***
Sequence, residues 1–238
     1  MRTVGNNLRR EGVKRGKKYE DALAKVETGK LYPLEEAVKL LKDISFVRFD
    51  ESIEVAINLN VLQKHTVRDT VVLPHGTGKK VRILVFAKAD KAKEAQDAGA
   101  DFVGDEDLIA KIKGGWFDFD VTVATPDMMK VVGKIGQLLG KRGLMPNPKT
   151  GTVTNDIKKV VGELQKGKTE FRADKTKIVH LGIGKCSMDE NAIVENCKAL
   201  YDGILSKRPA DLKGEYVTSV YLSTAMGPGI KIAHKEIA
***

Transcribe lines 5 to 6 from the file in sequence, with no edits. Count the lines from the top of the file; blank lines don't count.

   151  GTVTNDIKKV VGELQKGKTE FRADKTKIVH LGIGKCSMDE NAIVENCKAL
   201  YDGILSKRPA DLKGEYVTSV YLSTAMGPGI KIAHKEIA